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  • Challenges of scholarly communication: bibliometric transparency and impact

Challenges of scholarly communication: bibliometric transparency and impact

  • 25 May 2022
  • 6:30 PM - 7:45 PM
  • Zoom (London, UK)
  • 15

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CHALLENGES OF SCHOLARLY COMMUNICATION: BIBLIOMETRIC TRANSPARENCY AND IMPACT

Analysing self-citations in a large bibliometric database
By Philipp Mayr-Schlegel 

Citation metrics have value because they aim to make scientific assessment a level playing field, but urgent transparency-based adjustments are necessary to ensure that measurements yield the most accurate picture of impact and excellence. One problematic area is the handling of self-citations, which are either excluded or inappropriately accounted for when using bibliometric indicators for research evaluation. In this talk, in favour of openly tracking self-citations, I report on a study of self-referencing behaviour among various academic disciplines as captured by the curated bibliometric database Web of Science. Specifically, I examine the behaviour of thousands of authors grouped into 15 subject areas like Biology, Chemistry, Science and Technology, Engineering, and Physics. In this talk, I focus on the methodological set-up of the study and discuss data science related problems like author name disambiguation and bibliometric indicator modelling. This talk bases on the following publication: Kacem, A., Flatt, J. W., & Mayr, P. (2020). Tracking self-citations in academic publishing. Scientometrics, 123(2), 1157–1165. https://doi.org/10.1007/s11192-020-03413-9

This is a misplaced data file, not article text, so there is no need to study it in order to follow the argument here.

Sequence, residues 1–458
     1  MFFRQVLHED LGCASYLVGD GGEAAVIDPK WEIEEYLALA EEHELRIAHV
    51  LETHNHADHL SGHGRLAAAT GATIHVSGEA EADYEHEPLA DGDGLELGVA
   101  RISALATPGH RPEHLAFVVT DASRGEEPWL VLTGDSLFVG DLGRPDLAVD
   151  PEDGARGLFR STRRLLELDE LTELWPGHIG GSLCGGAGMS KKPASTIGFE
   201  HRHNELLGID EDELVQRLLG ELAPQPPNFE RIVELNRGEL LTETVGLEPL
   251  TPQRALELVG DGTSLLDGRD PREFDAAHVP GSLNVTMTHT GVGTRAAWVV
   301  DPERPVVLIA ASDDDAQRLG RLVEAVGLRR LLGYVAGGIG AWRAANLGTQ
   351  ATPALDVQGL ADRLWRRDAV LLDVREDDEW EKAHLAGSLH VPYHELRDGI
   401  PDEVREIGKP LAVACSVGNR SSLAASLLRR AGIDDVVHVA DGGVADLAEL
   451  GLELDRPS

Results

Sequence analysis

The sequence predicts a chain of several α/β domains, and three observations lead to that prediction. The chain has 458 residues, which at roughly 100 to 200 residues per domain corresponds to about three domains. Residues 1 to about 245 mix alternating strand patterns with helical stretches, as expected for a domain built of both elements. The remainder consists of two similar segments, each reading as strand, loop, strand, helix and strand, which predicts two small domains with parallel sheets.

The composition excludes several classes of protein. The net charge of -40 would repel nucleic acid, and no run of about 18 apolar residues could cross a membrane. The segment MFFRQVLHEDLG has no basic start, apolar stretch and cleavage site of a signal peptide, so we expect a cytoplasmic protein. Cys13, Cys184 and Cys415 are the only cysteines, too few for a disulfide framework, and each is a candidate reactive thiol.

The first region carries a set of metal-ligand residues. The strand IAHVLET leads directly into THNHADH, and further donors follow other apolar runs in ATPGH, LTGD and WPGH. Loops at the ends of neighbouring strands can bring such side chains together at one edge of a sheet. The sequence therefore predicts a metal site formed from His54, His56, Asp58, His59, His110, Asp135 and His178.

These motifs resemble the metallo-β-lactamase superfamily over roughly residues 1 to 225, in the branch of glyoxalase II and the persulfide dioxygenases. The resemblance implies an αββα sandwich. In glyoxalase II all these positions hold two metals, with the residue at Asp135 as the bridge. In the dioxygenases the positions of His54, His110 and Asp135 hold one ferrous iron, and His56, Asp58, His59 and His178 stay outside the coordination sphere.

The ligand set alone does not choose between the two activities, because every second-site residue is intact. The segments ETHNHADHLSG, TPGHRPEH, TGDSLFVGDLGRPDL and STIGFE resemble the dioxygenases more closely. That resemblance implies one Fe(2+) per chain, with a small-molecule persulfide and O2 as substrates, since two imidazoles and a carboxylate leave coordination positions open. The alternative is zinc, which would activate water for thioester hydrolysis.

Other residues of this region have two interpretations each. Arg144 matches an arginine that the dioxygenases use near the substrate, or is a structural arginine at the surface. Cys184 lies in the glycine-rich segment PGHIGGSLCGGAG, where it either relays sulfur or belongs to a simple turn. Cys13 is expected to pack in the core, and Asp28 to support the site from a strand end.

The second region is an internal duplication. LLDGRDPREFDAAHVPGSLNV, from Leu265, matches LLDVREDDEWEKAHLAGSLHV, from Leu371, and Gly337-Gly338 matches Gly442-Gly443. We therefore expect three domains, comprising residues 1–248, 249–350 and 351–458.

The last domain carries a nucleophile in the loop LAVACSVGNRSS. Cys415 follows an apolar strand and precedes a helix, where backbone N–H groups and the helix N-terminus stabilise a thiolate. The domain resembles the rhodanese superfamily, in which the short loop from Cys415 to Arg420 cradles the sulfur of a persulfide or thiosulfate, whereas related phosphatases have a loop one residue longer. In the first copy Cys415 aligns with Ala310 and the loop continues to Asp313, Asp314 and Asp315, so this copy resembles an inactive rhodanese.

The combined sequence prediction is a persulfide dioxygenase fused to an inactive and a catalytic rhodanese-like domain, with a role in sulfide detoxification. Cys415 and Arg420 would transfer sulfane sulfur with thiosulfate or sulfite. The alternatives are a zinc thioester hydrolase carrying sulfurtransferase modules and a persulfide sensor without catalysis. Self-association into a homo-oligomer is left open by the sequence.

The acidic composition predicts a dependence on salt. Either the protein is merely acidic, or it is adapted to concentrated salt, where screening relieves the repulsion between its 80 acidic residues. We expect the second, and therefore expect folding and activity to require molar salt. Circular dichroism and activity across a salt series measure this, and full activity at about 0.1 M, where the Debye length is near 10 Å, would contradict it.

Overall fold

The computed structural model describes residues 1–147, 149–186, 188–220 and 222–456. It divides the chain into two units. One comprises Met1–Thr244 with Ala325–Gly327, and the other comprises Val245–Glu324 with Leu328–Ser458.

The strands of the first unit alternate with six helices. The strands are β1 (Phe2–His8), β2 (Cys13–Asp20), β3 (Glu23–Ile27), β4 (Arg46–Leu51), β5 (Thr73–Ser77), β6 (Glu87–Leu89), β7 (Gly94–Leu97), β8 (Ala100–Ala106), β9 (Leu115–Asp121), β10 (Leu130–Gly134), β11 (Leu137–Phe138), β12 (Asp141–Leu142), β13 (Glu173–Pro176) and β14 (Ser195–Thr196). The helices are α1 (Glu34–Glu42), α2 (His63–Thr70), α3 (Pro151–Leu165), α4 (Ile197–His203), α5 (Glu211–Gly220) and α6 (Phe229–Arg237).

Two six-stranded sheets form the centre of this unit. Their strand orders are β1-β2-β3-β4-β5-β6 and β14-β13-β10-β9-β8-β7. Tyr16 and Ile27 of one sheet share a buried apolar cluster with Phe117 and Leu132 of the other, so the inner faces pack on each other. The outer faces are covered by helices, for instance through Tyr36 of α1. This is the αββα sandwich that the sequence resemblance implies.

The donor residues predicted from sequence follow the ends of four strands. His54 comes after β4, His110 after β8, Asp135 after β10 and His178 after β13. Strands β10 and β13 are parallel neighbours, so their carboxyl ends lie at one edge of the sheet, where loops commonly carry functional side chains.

Research impact beyond scholarly communication: the big challenge of Scientometrics 2.0
By Pei-Shan Chi & Wolfgang Glänzel

The last two decades in the evolution of bibliometrics mark a significant turn towards the quantification and measurement of scientific communication beyond the scholarly one and towards a broader assessment of its various impacts on science and society. We summarize the background and the main characteristics of this evolution, refer to latest results in our related studies, and focus on the latent and real challenges in the use of the new metrics designed for the measurement of the broader impact of research. In addition to the critical review several examples are given to illustrate the large potential and added value of the new metrics when used judiciously and correctly. In conclusion we will address and elaborate the framework of preconditions that are essential for improving coverage and reliability of both data sources and the metrics derived from those.


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